Friday, October 11, 2013 ubspectrum.com
LIFE, ARTS & ENTERTAINMENT
A hidden experience Larkin Square offers food-truck service, free concerts, outdoor activities and more
A guide to volunteering in the City of Good Neighbors AMANDA LOW Staff Writer
If you’re interested in helping out the local community, here’s a look at a few of Buffalo’s many volunteer options for students.
Aline Kobayashi, The Spectrum
Larkin Square, located at 745 Seneca St., offers the community a place to enjoy free concerts, indoor and outdoor dining options and food trucks from around the city.
JOE KONZE JR News Editor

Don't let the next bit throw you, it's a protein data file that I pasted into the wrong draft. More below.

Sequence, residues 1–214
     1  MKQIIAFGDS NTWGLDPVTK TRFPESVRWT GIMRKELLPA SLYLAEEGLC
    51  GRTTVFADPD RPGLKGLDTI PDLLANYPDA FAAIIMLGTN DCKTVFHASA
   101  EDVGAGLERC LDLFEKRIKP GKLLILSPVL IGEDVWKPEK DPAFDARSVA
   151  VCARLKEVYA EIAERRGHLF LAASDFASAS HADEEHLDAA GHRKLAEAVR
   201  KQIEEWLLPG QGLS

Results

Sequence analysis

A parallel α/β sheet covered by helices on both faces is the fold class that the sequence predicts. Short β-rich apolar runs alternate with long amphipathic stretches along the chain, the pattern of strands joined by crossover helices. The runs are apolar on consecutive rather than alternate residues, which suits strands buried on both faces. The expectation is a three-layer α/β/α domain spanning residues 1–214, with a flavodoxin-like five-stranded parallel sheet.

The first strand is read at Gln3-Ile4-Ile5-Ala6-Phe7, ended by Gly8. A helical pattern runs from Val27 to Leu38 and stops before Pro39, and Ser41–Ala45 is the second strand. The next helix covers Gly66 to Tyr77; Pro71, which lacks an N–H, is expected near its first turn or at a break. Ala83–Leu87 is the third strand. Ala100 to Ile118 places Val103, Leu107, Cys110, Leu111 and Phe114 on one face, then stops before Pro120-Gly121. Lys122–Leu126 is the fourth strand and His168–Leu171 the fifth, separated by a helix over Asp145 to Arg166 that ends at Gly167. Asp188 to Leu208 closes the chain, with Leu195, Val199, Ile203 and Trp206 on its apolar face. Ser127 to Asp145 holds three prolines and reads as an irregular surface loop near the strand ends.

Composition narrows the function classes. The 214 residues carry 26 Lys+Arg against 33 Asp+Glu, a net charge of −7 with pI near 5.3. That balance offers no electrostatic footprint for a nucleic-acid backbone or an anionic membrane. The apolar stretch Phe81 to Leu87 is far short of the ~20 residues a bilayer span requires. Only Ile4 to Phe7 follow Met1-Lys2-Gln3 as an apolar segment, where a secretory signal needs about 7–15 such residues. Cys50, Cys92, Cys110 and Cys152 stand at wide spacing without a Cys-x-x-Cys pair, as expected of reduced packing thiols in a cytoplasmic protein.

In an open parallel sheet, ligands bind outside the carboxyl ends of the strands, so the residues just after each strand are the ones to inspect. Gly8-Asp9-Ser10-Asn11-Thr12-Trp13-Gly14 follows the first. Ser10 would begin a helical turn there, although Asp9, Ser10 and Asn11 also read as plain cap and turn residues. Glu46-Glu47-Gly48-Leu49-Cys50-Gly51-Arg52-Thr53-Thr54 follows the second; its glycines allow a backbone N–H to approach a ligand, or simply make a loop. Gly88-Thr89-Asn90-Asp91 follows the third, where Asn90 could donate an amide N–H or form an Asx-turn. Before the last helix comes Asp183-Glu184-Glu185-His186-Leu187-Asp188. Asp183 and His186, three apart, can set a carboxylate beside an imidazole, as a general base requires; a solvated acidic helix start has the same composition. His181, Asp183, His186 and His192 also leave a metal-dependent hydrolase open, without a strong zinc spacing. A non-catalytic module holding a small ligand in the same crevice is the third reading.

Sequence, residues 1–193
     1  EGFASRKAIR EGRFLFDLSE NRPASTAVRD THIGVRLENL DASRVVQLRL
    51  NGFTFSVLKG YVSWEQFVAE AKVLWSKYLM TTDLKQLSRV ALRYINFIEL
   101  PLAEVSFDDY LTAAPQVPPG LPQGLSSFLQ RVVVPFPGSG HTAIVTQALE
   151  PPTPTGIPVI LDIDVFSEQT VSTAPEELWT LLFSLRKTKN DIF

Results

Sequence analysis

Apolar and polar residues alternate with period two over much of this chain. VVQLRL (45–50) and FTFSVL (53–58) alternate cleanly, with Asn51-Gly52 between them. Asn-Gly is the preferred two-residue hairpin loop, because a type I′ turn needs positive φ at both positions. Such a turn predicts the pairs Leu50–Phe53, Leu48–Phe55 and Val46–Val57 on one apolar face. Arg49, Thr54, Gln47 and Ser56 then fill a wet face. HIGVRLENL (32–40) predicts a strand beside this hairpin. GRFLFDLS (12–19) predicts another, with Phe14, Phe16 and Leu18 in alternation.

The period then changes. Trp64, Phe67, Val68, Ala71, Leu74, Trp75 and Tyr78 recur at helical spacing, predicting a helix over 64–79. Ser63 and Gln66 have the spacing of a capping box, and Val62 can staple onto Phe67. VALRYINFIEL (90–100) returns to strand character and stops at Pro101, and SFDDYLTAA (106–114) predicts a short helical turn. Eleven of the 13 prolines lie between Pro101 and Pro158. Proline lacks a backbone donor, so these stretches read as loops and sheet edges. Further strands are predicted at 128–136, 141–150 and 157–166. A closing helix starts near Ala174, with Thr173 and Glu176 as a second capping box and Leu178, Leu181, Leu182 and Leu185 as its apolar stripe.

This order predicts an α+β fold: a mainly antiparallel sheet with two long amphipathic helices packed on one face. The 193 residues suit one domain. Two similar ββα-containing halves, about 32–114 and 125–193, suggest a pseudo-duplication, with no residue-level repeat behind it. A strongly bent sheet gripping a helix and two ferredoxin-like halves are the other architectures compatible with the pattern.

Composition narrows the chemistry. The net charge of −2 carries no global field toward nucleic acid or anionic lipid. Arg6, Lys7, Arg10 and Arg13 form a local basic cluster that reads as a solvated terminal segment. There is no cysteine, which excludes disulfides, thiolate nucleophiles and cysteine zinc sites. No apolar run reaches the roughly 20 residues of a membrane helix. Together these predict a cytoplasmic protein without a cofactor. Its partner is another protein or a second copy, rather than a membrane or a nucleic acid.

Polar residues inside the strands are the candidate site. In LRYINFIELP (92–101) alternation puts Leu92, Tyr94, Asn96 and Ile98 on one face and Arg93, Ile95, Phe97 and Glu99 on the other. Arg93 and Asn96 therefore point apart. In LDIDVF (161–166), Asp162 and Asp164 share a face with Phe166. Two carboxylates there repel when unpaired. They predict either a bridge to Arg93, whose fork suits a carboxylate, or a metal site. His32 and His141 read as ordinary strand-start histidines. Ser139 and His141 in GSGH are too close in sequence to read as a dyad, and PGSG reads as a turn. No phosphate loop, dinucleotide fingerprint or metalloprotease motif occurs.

There is an interesting space nestled in the heart of Buffalo right inside the Larkin District. Larkin Square, a Western New York favorite that is home to a smorgasbord of events, is located at 745 Seneca Street in downtown Buffalo. Run by Leslie Zemsky, who calls herself “Director of Fun,” and her husband Howard, the square was built to create a gathering spot for Buffalonians to enjoy fun activities. On Tuesdays, for example, food trucks fill the lot and give eating enthusiasts a creative option for curbing their hunger while having fun. After grabbing dinner, patrons can enjoy a treat from Larkinville Ice Cream. “The community has really embraced it,” Zemsky said. “[We’ve had] between 1,500 and 2,000 people here for concerts and food truck night. And now food trucks have come from Rochester. Food trucks have even embraced it.” The venue has appeal – at least partially because if offers vibrant furniture, indoor and outdoor